Venus adorned by the graces

(1594-1595; Washington, National Gallery)
   Painted by Annibale Carracci, this work betrays his interest in Venetian art as Venus is the nude reclining type favored by Venetian masters such as Giorgione and Titian. She is as voluptuous as her Venetian counterparts, around her the usual props, including the curtain behind her, the luscious landscape, and the pudgy putti. The scene derives from Homer's Odyssey when Mars and Venus are caught by Vulcan, her consort, in an act of infidelity. Venus retires to Cythera, her sacred island, where she is bathed and adorned by the Graces while she awaits Vulcan's return from collecting the adulterer's fee from Mars, the scene shown in the background. The painting is thought to have been commissioned on the occasion of a wedding celebration as denoted by certain elements within the work. Venus is the goddess of love, Mars and Vulcan are symbols of passion and generative heat, and Bacchus, shown as a statue on a fountain in the background, is a symbol of fertility. The details of the commission are unknown, though by 1638, the painting was in the possession of the Bolognese Count Alessandro Tanari.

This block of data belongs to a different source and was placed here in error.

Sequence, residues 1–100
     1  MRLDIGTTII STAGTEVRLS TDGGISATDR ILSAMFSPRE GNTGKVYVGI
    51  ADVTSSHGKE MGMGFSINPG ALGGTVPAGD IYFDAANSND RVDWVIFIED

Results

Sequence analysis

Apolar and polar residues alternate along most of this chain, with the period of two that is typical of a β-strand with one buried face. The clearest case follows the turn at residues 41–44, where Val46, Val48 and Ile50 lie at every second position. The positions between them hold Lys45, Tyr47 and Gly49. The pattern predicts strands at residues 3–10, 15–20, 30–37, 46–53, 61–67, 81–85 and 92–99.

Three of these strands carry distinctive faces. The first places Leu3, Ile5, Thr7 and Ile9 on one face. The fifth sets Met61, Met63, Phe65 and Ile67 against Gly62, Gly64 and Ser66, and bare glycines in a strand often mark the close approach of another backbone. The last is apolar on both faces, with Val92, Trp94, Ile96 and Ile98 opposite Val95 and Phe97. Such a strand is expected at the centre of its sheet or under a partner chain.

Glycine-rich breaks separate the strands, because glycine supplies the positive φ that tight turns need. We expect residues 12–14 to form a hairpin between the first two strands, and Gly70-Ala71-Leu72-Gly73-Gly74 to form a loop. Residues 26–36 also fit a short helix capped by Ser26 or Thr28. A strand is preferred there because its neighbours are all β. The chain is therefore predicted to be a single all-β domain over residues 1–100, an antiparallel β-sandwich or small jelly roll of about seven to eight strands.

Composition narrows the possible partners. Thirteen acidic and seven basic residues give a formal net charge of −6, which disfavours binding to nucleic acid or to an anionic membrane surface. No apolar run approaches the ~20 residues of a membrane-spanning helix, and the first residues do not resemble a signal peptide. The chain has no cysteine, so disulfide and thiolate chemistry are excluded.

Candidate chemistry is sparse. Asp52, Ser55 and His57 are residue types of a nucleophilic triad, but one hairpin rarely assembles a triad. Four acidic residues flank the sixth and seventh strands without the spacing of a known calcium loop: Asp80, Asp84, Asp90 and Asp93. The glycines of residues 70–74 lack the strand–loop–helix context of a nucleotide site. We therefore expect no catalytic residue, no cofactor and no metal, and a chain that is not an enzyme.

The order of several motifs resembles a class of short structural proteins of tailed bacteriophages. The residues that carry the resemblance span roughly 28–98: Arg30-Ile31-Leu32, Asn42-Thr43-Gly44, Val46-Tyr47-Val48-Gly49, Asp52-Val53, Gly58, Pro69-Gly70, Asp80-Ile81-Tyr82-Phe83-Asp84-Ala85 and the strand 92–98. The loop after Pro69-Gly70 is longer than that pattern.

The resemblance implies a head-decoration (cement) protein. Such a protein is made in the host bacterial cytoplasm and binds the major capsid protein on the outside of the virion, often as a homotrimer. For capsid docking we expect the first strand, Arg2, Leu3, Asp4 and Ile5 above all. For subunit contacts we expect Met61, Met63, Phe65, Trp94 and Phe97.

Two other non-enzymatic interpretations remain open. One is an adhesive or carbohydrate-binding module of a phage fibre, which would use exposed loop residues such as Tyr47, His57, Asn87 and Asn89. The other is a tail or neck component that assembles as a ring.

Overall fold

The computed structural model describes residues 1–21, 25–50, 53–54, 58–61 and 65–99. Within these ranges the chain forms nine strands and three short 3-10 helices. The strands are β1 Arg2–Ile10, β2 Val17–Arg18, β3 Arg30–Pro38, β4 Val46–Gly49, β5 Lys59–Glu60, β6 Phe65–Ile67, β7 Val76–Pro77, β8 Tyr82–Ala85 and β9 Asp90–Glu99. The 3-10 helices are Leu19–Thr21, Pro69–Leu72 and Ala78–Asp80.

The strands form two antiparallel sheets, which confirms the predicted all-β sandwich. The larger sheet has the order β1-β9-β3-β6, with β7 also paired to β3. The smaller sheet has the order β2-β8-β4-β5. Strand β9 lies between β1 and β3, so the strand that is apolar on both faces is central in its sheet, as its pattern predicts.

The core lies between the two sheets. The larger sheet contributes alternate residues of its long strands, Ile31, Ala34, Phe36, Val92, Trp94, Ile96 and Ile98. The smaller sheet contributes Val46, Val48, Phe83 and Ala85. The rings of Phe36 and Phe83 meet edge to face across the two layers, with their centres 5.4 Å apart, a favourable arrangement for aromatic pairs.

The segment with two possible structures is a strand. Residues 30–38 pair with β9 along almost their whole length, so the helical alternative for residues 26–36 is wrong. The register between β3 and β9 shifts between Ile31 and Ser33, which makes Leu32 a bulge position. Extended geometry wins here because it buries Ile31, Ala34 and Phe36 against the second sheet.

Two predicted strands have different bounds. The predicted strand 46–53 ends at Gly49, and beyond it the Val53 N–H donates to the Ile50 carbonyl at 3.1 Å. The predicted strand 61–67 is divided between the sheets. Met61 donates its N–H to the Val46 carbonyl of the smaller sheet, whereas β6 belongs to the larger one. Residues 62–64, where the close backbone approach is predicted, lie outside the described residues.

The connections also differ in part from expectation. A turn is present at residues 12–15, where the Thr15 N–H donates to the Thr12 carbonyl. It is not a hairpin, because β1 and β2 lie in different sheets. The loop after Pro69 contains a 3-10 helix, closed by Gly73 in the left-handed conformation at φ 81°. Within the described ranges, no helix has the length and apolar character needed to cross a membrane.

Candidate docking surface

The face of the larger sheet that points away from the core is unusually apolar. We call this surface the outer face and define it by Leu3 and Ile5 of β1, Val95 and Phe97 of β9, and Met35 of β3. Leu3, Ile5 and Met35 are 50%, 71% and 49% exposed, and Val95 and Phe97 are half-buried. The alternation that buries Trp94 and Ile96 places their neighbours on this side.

Historical dictionary of Renaissance art. . 2008.

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